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In Wake of Attacks, French Ambassador Talks Terrorism, Diplomacy

French Ambassador Gérard Araud and Arthur Goldhammer, senior affiliate at the Center for European Studies, facilitate a discussion about the events surrounding the attack on satire magazine Charlie Hebdo.
French Ambassador Gérard Araud and Arthur Goldhammer, senior affiliate at the Center for European Studies, facilitate a discussion about the events surrounding the attack on satire magazine Charlie Hebdo.
By Daniel R. Levine, Crimson Staff Writer

UPDATED: February 6, 2015, at 7:22 p.m.

The fact that a terrorist attack occurred in France was not a surprise, Gérard Araud, French ambassador to the United States said on Thursday during a talk at the Harvard Center for European Studies.

The discussion, entitled “France After the Terrorist Attacks in Paris,” addressed the shooting at satire magazine Charlie Hebdo in Paris last month.

“We knew there would be a terrorist attack,” he said. “The danger is still there.”

Araud blamed the increased risk of terrorist attacks in France on a radicalization of French youth. According to the ambassador, some of the 4,000 to 5,000 extremist youth currently living in France became radicalized in Syria, a country in which one of the Charlie Hebdo shooters had planned to fight. He said that it would not be legal to arrest or feasible to monitor all of the extremists in France.

“Of course we can’t arrest them,” he said. “We are a democracy.”

According to Araud, it takes four to five police to monitor a single individual.

French Ambassador Gérard Araud and Arthur Goldhammer, senior affiliate at the Center for European Studies, facilitate a discussion about the events surrounding the attack on satire magazine Charlie Hebdo.
French Ambassador Gérard Araud and Arthur Goldhammer, senior affiliate at the Center for European Studies, facilitate a discussion about the events surrounding the attack on satire magazine Charlie Hebdo. By Varnel L Antoine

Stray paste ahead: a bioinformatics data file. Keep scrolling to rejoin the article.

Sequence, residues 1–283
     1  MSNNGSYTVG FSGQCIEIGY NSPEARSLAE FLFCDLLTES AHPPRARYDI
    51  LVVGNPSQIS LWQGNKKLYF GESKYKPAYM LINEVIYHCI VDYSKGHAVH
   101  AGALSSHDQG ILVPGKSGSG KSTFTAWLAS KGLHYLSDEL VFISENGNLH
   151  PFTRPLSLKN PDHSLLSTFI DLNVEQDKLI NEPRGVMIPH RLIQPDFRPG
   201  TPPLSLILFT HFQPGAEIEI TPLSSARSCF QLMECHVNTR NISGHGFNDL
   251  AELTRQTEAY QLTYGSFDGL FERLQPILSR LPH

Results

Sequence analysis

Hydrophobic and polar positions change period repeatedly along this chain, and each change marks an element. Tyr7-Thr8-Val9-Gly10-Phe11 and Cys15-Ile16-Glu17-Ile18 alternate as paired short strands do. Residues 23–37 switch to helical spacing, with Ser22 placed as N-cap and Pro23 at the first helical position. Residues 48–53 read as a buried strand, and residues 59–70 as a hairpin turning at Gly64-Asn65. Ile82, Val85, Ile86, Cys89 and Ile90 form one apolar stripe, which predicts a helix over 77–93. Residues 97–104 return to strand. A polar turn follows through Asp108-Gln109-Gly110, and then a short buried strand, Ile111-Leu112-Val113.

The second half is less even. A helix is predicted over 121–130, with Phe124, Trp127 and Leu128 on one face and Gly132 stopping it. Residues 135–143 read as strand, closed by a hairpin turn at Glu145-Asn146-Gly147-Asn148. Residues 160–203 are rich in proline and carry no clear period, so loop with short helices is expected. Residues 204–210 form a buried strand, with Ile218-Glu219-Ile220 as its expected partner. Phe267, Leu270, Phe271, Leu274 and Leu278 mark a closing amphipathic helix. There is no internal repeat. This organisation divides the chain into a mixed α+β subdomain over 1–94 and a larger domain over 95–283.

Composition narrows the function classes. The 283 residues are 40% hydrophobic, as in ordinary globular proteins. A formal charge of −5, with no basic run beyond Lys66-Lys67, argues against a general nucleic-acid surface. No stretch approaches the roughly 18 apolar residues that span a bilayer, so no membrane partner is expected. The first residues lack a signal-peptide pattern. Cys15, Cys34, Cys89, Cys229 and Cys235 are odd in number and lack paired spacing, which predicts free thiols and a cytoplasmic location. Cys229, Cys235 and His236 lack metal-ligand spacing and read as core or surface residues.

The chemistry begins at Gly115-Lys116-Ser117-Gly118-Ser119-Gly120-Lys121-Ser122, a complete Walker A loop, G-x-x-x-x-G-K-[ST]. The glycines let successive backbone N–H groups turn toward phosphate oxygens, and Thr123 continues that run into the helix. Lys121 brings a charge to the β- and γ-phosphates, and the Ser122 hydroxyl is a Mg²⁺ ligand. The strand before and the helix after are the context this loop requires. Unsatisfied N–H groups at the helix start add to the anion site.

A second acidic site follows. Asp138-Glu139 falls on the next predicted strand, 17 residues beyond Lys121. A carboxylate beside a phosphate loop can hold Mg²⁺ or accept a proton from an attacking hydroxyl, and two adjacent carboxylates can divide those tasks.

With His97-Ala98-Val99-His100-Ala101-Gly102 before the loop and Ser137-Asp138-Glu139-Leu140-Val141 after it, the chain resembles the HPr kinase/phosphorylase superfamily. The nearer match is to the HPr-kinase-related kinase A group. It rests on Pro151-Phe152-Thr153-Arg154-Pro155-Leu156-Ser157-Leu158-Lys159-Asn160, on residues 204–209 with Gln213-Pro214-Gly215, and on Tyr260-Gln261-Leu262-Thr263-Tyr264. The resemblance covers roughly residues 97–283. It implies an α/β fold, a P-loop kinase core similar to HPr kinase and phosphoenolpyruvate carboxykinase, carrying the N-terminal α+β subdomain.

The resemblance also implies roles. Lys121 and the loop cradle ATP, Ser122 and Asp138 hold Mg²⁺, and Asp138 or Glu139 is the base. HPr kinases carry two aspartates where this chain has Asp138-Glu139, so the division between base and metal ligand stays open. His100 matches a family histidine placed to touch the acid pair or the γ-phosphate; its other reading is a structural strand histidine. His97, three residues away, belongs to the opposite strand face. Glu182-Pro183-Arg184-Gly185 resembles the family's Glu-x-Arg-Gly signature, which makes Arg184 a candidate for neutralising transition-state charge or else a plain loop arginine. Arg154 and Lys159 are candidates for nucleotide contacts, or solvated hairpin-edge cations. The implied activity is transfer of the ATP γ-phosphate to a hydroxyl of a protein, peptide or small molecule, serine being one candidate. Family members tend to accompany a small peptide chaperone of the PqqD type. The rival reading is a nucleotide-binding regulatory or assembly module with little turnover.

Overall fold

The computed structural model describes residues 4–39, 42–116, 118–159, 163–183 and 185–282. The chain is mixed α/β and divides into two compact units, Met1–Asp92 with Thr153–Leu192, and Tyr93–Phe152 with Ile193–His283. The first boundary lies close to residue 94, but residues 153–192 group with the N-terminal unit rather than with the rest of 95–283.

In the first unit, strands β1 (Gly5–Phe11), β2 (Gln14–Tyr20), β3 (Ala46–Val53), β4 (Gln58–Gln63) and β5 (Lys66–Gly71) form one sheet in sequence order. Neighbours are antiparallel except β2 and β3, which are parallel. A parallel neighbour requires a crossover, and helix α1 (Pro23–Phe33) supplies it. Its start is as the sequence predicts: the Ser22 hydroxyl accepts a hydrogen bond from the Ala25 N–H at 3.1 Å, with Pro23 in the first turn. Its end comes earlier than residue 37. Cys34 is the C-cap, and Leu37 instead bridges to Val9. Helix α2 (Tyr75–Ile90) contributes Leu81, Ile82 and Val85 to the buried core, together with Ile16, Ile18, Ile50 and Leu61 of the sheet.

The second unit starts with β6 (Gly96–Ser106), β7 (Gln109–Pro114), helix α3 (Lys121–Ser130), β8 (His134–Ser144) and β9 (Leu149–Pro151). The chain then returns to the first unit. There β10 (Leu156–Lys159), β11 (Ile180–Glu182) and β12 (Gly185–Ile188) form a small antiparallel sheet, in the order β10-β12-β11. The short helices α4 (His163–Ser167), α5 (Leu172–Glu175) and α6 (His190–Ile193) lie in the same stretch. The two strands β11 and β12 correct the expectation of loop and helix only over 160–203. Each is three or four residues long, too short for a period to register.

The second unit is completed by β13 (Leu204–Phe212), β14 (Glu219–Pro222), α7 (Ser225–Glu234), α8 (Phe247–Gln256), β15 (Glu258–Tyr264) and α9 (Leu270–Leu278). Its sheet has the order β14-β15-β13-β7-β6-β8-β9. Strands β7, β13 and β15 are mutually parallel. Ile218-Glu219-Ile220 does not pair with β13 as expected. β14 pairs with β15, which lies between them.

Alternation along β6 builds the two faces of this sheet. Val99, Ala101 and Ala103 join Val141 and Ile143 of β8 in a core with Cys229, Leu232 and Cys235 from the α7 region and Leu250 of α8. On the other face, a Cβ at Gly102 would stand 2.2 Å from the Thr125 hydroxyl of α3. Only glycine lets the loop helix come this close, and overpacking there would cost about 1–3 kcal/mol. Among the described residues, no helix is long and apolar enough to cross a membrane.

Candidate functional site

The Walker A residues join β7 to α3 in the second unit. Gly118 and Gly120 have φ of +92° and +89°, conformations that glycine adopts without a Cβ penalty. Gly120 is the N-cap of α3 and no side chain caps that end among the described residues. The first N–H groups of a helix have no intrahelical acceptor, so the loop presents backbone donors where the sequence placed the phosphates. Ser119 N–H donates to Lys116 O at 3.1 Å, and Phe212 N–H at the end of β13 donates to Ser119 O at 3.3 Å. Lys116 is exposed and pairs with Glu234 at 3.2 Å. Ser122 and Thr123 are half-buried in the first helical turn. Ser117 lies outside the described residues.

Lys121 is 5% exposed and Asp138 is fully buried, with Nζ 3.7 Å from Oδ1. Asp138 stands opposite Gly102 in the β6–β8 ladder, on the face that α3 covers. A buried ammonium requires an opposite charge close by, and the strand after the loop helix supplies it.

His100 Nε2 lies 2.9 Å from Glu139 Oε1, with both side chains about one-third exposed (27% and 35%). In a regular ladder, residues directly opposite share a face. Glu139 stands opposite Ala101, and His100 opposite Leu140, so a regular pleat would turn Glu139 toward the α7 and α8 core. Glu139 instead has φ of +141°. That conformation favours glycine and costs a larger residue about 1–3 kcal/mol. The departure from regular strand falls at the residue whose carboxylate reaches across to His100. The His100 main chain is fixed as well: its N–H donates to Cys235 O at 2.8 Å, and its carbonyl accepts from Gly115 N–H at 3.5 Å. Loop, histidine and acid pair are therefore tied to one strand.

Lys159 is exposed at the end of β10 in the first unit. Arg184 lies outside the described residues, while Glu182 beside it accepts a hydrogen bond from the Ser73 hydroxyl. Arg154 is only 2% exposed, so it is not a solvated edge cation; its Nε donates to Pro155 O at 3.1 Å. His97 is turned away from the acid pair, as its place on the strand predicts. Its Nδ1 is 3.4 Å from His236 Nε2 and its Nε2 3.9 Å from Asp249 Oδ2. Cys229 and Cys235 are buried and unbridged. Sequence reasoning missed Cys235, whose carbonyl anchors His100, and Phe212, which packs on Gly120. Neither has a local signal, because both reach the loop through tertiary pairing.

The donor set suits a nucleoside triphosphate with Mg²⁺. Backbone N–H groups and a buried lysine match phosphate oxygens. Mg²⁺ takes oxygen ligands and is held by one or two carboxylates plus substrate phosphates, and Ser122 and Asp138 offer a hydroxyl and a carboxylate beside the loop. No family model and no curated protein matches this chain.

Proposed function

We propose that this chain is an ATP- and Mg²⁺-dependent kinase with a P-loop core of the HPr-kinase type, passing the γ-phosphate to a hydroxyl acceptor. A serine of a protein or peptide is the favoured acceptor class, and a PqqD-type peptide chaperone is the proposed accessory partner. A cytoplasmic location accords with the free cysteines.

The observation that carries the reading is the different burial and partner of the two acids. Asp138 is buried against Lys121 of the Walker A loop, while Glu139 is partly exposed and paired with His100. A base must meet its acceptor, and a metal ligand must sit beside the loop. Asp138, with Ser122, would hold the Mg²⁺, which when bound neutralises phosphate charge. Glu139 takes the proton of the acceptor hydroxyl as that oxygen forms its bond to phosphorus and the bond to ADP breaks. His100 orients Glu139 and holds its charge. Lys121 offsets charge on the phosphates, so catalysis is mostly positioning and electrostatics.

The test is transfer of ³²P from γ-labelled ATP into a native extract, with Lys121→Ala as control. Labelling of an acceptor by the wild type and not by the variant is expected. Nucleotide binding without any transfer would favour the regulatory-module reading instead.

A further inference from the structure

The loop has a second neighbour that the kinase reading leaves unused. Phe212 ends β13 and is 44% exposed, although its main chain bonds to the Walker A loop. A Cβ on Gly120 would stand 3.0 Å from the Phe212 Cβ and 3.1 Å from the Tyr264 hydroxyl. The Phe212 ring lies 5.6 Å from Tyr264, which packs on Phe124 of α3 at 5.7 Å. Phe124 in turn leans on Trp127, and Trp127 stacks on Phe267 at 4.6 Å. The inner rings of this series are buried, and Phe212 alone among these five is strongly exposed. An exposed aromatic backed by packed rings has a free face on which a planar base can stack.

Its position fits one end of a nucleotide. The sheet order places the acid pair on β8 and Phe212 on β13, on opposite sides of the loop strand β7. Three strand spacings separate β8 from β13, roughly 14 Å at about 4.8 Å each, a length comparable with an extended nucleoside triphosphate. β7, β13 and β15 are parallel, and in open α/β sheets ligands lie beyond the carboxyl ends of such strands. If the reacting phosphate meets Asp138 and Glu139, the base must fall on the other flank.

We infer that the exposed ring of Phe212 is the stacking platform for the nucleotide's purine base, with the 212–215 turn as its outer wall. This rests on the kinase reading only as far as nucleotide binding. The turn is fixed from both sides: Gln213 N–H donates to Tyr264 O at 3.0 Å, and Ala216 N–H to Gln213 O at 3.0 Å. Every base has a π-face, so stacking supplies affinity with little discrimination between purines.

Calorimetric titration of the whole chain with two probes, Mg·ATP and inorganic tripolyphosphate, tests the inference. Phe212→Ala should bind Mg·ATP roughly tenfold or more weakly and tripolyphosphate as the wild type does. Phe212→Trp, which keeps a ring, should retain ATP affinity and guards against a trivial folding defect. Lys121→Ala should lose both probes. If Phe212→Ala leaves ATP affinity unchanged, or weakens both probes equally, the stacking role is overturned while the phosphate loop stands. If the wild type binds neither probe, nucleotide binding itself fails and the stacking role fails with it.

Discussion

Despite these challenges, Araud said that France has addressed extremism by increasing the budget of its Ministry of the Interior and by passing legislation intended to prevent citizens from traveling to and returning from Syria. Araud added that international efforts to prevent radicalization are underway, pointing to an anti-extremism summit that will occur at the White House later this month.

Araud also addressed European and American relations with Russia during the talk, which about 60 people attended. He said he thinks Russia is ready to escalate the conflict over Ukrainian sovereignty as much as necessary in the face of international opposition, while the U.S. and Europe are not.

Regarding proposals to equip Ukrainians with arms to defeat the occupation, he asked, “Do you think the Ukrainians would be able to beat the Russians?”

Araud was appointed the French Ambassador to the United States in September 2014. This trip marks his first visit to the French consulate in Boston, according to Maïa Gabily, press and public affairs attachée for the consulate.

Gabily said France maintains a consulate in Boston in large part because the country has significant business interests in New England. As many as 20,000 business affiliates of France live in the region, she said.

—Staff writer Daniel R. Levine can be reached at daniel.levine@thecrimson.com. Follow him on Twitter @danielrlevine.

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